RUSSELL — Daylight turned into darkness for Russell residents as a massive storm swept from the northwest cutting power to the community.

As the storm swept through Russell, rainfall amounted to 1.61 inches, according to Russell City Manager Jon Quinday.

“Our power outage was caused by a lightning strike with the outage lasting approximately 30 minutes,” he said. “ We had some localized flooding, but no other reported damage so far.”

Quinday also noted radar showed a rain cell over Pfiefer, where the city’s water wells are located.

“That is always good news,” he said.

While damage details will surface this morning as people get out, there’s already reports of crop damage and roof and other hail damage across the area.

There was “significant window damage to the high school and a church in Almena, as well as a patrol vehicle, due to ping pong-size to orange-size hail,” according to a report from the Norton County emergency management office. The hail came in the second round of the storm sweeping through the area.

Hail pushed along by 50-mph winds also damaged a roof and destroyed cars east of Speed in Phillips County.

Quarter- to half dollar-size hail — 1 to 1.25 inches in diameter — was reported in Logan, Woodston, Stockton and Plainville, according to a report from the National Weather Service office in Hastings.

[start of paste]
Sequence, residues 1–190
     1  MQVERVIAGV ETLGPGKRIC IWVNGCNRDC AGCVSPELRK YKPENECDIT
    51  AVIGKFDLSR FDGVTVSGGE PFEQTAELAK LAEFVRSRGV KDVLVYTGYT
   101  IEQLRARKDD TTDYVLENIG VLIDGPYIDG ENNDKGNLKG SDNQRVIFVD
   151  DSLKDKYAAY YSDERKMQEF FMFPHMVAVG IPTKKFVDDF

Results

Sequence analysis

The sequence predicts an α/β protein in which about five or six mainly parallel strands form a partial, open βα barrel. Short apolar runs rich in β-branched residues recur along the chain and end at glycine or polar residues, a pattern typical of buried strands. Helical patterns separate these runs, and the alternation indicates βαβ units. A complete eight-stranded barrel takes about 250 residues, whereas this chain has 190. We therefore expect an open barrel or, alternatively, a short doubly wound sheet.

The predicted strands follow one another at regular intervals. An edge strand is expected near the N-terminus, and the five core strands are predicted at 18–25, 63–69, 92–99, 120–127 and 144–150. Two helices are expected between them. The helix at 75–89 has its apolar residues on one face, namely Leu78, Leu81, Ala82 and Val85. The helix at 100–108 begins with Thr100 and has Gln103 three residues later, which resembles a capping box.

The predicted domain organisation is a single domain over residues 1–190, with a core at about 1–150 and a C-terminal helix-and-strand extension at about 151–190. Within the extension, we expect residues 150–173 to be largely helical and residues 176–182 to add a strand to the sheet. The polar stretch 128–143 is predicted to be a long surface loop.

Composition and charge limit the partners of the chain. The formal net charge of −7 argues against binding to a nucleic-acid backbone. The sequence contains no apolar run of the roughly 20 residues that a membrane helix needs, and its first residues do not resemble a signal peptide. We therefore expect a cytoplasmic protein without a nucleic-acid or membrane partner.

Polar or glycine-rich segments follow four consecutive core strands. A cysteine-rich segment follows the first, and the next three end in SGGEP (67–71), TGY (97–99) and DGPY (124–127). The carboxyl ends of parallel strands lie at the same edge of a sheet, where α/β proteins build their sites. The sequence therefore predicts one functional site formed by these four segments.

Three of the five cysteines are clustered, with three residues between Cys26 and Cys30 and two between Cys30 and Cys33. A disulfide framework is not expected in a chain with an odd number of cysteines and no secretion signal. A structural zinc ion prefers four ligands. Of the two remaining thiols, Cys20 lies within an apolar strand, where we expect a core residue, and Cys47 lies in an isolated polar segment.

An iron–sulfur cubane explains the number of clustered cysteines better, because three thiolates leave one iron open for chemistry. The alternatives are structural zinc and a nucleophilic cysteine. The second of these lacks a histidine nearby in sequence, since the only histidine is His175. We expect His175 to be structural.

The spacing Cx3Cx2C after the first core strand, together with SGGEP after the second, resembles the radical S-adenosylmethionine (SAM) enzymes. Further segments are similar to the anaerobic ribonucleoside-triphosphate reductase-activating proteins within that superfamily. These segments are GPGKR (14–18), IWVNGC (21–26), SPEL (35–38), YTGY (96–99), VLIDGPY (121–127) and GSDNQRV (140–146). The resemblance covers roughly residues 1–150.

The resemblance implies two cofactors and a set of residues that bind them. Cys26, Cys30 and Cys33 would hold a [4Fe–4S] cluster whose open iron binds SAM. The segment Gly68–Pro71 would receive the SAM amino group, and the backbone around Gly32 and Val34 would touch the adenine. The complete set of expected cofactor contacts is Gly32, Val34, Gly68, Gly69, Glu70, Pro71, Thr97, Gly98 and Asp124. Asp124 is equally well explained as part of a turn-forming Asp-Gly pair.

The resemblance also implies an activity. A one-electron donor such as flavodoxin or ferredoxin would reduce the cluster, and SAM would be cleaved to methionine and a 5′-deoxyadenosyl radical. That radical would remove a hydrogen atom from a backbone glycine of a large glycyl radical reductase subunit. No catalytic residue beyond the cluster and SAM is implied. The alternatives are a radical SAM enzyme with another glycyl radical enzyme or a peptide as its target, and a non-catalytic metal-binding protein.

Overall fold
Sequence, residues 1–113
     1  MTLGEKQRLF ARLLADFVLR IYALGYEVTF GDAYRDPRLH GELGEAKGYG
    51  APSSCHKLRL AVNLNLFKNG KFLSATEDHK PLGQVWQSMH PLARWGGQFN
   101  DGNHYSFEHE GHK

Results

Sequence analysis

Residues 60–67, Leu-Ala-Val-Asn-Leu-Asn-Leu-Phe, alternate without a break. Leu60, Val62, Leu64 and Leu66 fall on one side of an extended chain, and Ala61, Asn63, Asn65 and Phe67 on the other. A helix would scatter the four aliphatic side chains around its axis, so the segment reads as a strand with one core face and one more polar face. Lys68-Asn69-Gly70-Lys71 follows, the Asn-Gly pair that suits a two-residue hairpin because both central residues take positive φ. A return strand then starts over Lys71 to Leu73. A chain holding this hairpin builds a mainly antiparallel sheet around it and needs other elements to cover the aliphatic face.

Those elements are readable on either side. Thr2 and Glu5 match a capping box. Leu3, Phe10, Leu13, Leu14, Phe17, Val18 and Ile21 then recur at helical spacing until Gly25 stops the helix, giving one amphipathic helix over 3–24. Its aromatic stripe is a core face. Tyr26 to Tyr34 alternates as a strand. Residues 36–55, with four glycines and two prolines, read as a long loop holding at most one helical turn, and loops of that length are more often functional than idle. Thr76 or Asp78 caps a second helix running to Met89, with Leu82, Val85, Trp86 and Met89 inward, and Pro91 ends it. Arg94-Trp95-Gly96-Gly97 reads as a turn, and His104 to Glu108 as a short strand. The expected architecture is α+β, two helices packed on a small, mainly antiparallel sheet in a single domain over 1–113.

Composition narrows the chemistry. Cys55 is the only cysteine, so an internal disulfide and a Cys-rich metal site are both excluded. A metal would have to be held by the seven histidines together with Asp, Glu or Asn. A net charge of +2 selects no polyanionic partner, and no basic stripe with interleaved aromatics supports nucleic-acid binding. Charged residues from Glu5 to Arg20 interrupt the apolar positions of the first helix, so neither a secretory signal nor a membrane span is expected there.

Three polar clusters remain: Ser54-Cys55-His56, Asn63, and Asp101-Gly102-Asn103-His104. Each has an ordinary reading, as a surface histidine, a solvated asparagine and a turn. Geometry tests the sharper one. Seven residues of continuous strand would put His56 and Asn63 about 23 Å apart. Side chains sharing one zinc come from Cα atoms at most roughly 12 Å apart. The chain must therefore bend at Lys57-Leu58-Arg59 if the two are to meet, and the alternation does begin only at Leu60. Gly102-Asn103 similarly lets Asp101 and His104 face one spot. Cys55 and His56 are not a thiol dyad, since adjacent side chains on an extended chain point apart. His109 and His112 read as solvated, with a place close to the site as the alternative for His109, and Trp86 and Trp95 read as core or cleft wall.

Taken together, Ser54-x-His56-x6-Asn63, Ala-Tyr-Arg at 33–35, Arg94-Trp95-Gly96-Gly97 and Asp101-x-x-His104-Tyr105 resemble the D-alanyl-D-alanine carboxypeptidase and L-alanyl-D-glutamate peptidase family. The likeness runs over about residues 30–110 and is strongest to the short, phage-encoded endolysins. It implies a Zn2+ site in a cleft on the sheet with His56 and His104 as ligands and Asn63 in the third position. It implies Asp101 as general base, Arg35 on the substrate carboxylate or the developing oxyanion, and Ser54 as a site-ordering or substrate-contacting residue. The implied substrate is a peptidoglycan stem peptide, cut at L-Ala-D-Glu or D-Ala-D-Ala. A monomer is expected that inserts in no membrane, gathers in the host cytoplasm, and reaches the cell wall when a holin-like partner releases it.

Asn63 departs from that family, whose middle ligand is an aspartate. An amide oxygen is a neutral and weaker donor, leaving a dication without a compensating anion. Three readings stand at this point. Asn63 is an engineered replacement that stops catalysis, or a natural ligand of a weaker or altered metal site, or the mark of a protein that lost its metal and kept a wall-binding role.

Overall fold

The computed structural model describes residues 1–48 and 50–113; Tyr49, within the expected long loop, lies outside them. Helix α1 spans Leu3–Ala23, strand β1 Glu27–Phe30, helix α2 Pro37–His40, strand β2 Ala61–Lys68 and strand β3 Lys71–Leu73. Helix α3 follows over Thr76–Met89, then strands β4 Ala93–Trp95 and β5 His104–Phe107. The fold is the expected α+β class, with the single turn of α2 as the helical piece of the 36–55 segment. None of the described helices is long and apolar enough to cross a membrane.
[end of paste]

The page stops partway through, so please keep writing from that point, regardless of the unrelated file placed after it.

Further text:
Woodston farmer Jerry McReynolds saw the damage firsthand this morning, as he checked fields.

Rainfall amounted to 1.1 inches, but the hail damaged crops and screens on the north side of his house. McReynolds said he was concerned the hail was going to start breaking windows in the house.

The hail, he said, was the size of quarters and larger.

“It was pretty good chunks,” he said. “It just damaged a lot of milo.”

It also caused considerable damage to what had been a good-looking field of sorghum,

It’s the milo, however, that will tell how much damage there is.

He’s estimating some fields will lose half the potential they had.

“The wind was severe,” McReynolds said. “It was just awful.”

He’s just thankful for the rain.

“We did get a nice rain,” McReynolds said. “But it was probably about the most expensive rain as you could get.”